AssessmentsPeripheral artery disease: Pathology review
USMLE® Step 1 style questions USMLE
A 75-year-old man comes to the clinic with persistent leg pain with exertion. Three months ago, the patient was found to have an ankle-brachial index of 0.6, and he was started on atorvastatin, chlorthalidone, and aspirin. Since then, the patient has successfully quit smoking and has participated in a supervised exercise therapy program where he has achieved a 10 lb (4.5 kg) weight loss. The pain, characterized by aching in the right thigh and buttock after walking more than 3 blocks, has not improved. The patient’s temperature is 37.0°C (98.6°F), pulse is 80/min and regular, respirations are 20/min, blood pressure is 130/75 mmHg, and BMI is 32 kg/m2. Pulses in the right femoral artery are diminished compared to the left. Which of the following therapies is most appropriate for this patient?
Content Reviewers:Yifan Xiao, MD
Tariq is a 52-year-old individual who presents to the clinic complaining of left leg pain.
He describes the pain as “cramping” and mostly located in his calf.
He also mentions that the pain comes every time he walks from his home to the supermarket, and is relieved when he rests.
On physical examination, there is a noticeable decrease in hair growth on the left side compared to the right, and the skin appears dry and shiny.
There is no leg swelling, and there’s no back pain.
Similar to coronary artery and cerebrovascular disease, the development of an atherosclerotic plaque that narrows or completely occludes an artery is the number one cause of peripheral artery disease, and so these diseases often coexist together.
So on the exam, an important clue may be an individual with a past medical history of a myocardial infarction or a stroke.
The symptoms of peripheral artery disease depend on how bad the occlusion is.
In the early stages of the disease individuals may be completely asymptomatic.
One of the first symptoms is intermittent claudication.
This is characterized by cramping pain in the affected area that comes about during exercise, and is relieved with rest.
Individuals often describe a specific and often consistent distance that brings about the pain, such as walking 2 blocks.
The location of the pain can also help give a clue about which artery is occluded.
For example, hip claudication indicates aortic or iliac artery occlusion, whereas calf claudication points towards femoral or popliteal artery occlusion.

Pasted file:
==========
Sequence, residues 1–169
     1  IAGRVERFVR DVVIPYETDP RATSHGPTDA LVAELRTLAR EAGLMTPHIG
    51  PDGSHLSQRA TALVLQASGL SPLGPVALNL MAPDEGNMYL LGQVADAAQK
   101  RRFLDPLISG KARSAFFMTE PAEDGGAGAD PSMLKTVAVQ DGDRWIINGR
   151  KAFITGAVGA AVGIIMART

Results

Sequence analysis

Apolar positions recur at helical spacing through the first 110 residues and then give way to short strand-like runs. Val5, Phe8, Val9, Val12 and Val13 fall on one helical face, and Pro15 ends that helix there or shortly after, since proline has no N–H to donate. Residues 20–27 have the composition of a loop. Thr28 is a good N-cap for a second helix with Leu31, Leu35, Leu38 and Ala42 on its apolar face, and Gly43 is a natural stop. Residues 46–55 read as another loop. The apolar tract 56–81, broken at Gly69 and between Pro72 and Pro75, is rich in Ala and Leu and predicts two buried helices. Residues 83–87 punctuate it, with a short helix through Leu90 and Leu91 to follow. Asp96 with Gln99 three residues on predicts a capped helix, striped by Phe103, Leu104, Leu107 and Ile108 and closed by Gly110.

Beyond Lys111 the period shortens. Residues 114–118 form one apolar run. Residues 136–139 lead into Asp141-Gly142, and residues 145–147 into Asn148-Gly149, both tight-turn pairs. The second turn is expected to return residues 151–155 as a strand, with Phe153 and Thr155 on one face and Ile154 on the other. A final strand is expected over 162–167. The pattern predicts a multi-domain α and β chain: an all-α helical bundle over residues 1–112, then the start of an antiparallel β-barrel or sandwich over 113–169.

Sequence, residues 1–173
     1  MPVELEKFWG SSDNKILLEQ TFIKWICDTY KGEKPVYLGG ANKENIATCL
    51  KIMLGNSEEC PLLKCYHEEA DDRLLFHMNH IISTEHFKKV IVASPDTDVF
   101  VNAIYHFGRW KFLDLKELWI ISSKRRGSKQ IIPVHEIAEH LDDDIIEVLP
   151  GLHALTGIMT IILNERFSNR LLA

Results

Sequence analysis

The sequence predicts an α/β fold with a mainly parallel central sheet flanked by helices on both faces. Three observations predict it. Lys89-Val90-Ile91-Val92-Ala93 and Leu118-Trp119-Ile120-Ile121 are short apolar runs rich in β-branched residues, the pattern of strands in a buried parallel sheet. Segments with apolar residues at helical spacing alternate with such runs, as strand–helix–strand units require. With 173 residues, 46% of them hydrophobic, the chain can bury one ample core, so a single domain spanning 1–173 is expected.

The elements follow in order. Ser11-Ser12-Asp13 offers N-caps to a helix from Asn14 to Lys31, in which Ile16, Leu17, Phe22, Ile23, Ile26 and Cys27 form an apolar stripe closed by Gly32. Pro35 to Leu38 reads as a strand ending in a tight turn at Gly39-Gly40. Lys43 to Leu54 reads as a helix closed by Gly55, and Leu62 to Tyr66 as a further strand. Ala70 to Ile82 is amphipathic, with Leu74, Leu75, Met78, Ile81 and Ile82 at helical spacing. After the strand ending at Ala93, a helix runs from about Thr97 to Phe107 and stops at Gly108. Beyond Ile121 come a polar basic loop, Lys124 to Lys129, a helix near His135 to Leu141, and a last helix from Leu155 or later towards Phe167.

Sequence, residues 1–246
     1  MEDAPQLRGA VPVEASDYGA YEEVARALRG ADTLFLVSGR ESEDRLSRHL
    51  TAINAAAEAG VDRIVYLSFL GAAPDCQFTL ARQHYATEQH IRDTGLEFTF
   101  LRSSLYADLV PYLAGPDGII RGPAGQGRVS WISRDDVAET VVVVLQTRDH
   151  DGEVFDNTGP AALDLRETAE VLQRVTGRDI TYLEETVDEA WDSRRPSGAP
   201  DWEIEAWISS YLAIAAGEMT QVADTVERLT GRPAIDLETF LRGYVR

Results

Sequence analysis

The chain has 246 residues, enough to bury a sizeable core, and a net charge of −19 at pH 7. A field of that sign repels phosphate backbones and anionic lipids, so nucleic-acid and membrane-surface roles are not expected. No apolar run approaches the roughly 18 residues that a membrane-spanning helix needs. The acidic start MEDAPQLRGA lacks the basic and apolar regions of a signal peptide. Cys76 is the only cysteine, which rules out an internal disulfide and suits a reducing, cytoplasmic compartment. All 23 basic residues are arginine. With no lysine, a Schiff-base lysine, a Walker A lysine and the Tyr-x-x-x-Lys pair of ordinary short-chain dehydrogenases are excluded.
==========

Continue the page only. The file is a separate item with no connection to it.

In addition to claudication, chronic limb ischemia may produce some physical changes.
This includes a decrease in the skin temperature, called poikilothermia.
Also, hair and nail growth decrease, sensation can be lost.
On physical exam, the pulse distal to the obstruction is weak, and there’s diminished capillary refill in the affected area.
As the arterial narrowing worsens, individuals begin to complain of pain at rest.
This is classically worse at night when the individual is sleeping, and gets better when they stand up or hang their leg off of the bed, due to the effect of gravity on blood flow.
Eventually, the peripheral tissue dies, which manifests as gangrene and ulcers.
The end-stage manifestation is critical limb ischemia, which includes pain at rest as well as tissue loss in the form of gangrenes and ulcers.
Critical limb ischemia is limb-threatening if operative intervention is not performed.
For diagnosis, when there’s suspicion of peripheral artery disease, an ankle-brachial index test, or ABI is performed.
Normally, both pressures should be equal, and so the ratio should be equal to 1.
In individuals with intermittent claudication, the ABI usually lies somewhere between 0.4 and 0.9, since the blood pressure in the ankle is decreased.
In severe peripheral artery disease, usually when the individual begins to develop resting pain, the ABI is less than 0.4.
After doing the ABI, the diagnosis is further confirmed with imaging, such as ultrasound or CT angiography.
For treatment, lifestyle changes like exercise programs and diet are the first steps.
For medication, Cilostazol, a phosphodiesterase inhibitor, can directly dilate the arteries, easing symptoms.
In addition it’s an antiplatelet which can prevent platelet aggregation and decrease the risk of thrombosis.
Even without Cilostazol, they should still take an antiplatelet medication like aspirin as prevention for coronary artery disease and stroke.
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- "Harrison's Principles of Internal Medicine, Twentieth Edition (Vol.1 & Vol.2)" McGraw-Hill Education / Medical (2018)
- "Rapid Review Pathology" Elsevier (2018)
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- "2016 AHA/ACC Guideline on the Management of Patients With Lower Extremity Peripheral Artery Disease: Executive Summary" Journal of the American College of Cardiology (2017)
- "Cilostazol for intermittent claudication" Cochrane Database Syst Rev (2014)